Earlier this year, a Nevada jury awarded a homeowner $614,091.04 in damages against a collection agency. This amount included over $460,000 in actual damages, and nearly $150,000 in attorney fees.
The plaintiff homeowner was part of a homeowners association. A dispute arose with the association’s collection agency as it pursued the collection of maintenance fees and additional costs. The agency filed multiple liens on the property and threatened foreclosure.
The homeowner filed a lawsuit alleging that the agency’s conduct was in violation of the Fair Debt Collection Practices Act.
The Fair Debt Collections Practices Act (“FDCPA”) is a federal statute that establishes legal protection for consumers from abusive debt collection practices. The FDCPA applies to debt collectors, which are broadly defined as persons who regularly collect or attempt to collect consumer debts for another. Law firms, like our office, who attempt to collect debts on behalf of a community association, are considered debt collectors and are bound by the rules of the FDCPA.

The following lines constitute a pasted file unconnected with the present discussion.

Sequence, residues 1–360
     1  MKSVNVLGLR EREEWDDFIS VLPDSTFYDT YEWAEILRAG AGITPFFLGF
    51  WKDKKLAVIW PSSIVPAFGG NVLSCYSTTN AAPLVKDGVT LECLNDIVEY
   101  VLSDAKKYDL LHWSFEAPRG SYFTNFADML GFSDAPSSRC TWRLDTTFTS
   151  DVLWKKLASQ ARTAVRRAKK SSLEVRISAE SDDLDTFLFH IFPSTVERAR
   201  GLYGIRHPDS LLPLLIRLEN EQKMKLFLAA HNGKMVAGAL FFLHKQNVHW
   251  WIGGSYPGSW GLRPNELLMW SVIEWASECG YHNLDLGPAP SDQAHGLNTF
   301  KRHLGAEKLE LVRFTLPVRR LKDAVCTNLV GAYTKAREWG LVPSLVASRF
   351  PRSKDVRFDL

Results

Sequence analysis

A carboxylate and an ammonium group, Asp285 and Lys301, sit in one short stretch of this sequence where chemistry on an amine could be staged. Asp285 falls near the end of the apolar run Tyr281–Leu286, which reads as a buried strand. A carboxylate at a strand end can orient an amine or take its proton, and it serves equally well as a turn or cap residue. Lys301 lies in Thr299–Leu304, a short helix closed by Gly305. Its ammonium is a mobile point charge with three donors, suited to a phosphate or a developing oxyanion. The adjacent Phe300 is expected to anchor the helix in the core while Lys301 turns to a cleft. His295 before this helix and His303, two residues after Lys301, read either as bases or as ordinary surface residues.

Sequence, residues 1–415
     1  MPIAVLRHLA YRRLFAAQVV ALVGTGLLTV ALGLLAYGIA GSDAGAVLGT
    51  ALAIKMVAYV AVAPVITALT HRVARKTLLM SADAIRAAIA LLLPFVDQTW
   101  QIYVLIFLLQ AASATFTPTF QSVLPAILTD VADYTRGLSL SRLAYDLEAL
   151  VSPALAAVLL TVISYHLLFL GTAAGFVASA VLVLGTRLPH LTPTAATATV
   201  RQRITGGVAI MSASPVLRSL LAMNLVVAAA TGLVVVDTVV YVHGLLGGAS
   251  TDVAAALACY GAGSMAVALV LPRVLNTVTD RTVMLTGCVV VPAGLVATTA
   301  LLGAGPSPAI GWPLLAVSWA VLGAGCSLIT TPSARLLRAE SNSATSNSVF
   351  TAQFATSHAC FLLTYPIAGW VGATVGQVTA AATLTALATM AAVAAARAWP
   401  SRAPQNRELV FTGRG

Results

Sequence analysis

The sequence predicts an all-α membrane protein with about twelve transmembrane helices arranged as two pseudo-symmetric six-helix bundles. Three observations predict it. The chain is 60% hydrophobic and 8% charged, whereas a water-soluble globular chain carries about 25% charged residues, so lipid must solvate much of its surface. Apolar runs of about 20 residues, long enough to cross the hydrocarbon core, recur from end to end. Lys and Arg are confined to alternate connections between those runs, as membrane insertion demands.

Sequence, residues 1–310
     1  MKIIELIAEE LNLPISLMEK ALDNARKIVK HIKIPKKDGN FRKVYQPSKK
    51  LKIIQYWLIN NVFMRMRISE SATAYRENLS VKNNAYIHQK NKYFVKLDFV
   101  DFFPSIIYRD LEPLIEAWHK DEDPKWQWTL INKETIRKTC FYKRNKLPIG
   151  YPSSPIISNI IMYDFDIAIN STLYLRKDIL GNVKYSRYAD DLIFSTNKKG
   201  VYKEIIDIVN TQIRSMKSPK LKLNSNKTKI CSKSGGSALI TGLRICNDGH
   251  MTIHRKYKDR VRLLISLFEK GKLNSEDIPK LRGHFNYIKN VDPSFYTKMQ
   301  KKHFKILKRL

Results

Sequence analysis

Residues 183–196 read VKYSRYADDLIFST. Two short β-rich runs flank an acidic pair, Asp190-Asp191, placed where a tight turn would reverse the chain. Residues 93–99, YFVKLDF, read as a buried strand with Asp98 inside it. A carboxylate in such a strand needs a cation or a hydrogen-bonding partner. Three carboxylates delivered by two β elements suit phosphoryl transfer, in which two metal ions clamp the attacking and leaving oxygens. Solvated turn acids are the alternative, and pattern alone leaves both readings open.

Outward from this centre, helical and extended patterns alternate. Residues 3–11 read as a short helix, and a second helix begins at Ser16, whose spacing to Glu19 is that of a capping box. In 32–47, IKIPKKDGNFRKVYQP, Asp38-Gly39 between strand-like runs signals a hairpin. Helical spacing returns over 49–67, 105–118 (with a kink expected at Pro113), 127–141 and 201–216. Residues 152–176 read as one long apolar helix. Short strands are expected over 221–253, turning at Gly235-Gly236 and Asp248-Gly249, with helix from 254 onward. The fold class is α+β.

In Melinda Ellis v. Alessi Trustee Corporation, et al, a federal jury found the association’s collection agency liable for violations of the FDCPA and held that the agency acted in an extreme and outrageous manner.
Under the FDCPA, creditors and debt collectors must refrain from the following behavior: using rude, harassing, abusive, or oppressive language in an attempt to collect a debt; threatening legal action that is not actually legal or that will not be taken; representing or implying that an individual is an attorney or is communicating on behalf of a law firm; publishing a list of debtors; and/or exaggerating the amount of debt owed.
The Ellis case demonstrates how essential it is for an association to hire competent and knowledgeable collection counsel. As law firm debt collectors are held to the same standards under the FDCPA as ordinary debt collection agencies, it is vital that associations trust their legal counsel to follow the letter of the law.
While this case demonstrates potential claims against an association’s collection case by effectively inviting FDCPA allegations to be brought, such a move can also cause the postponement of the association’s collection on the delinquency.
Many times, even when a valid debt is owed, debtors attempt to raise FDCPA counterclaims to delay the collection process. Our firm ensures that all collection action is taken without violating the FDCPA. We understand the limitations of the FDCPA and can also defend frivolous allegations that are brought to delay the collection process.
Should you have any specific questions about how the FDCPA can affect association foreclosures, please do not hesitate to contact one of the attorneys in the office.